Fig. 11.7 The skin of the external auditory canal is reflected laterally through the meatus and sutured.
Fig. 11.8 Closure of the second layer of the blind sac is started.


Case 11.1 (Right Ear): Blind Sac Closure of External Auditory Canal


See ▶Fig. 11.10, ▶Fig. 11.11, ▶Fig. 11.12, ▶Fig. 11.13, ▶Fig. 11.14, ▶Fig. 11.15, ▶Fig. 11.16.

Fig. 11.9 The second layer of the blind sac is completely closed.
Fig. 11.10 After a wide retroauricular incision that covers whole external auditory canal for sufficient mobilization of the auricle, the skin and cartilage of the external auditory canal are transected circumferentially. The transection should be performed more laterally compared with usual middle ear surgery to make dissection of the lateral part easier. Note that the auricle is fully reflected anteriorly with skin hooks for the following procedures. EAC, external auditory canal.
Fig. 11.11 The tragal cartilage is detached from the anterior wall of the bony meatus. The skin of the lateral part of the external meatus is then circumferentially dissected from surrounding tissue for about 1 cm. The cartilage and subcutaneous soft tissue are used for the second layer of the blind-sac closure. For precise dissection, use of microscope is recommended. TC, tragal cartilage.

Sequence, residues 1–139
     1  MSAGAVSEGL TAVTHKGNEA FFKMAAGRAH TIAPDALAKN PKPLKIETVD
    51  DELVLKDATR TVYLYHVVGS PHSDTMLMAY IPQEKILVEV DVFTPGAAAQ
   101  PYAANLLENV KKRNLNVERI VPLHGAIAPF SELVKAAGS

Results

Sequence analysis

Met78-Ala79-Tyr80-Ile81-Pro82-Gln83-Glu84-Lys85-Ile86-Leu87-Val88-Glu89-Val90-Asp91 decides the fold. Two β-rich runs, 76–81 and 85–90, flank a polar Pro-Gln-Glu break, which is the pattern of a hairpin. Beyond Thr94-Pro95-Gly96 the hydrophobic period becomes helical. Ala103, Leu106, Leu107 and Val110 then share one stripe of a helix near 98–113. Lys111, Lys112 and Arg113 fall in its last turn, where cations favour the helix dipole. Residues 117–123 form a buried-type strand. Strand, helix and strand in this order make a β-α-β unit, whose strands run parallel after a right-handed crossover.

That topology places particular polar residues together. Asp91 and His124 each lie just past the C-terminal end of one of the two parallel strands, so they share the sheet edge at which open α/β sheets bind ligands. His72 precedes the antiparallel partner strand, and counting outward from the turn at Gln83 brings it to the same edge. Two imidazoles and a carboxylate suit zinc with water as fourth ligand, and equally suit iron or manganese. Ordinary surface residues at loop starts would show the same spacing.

Fig. 11.12 The skin is loosened circumferentially and then everted laterally. A stitch placed on the medial end of this skin may be used to pull out to it to the external surface.
Fig. 11.13 The skin of the external auditory canal reflected laterally through the meatus is shown.
Fig. 11.14 Resorbable threads (4–0 Vicryl) are used in the external suture or the meatal skin. The everted tissue will shrink after some time and not be as visible as in this picture.
Fig. 11.15 Tragal cartilage (C) or an anteriorly pedicled subcutaneous flap dissected at the beginning of the procedure is used for the second layer of the blind-sac closure. The posterior flap is attached to the posterior rim of cartilage of the auricle. ES, internal surface of the everted skin.
Fig. 11.16 The blind-sac closure on the external auditory canal in two layers is completed.


Case 11.2 (Right Ear)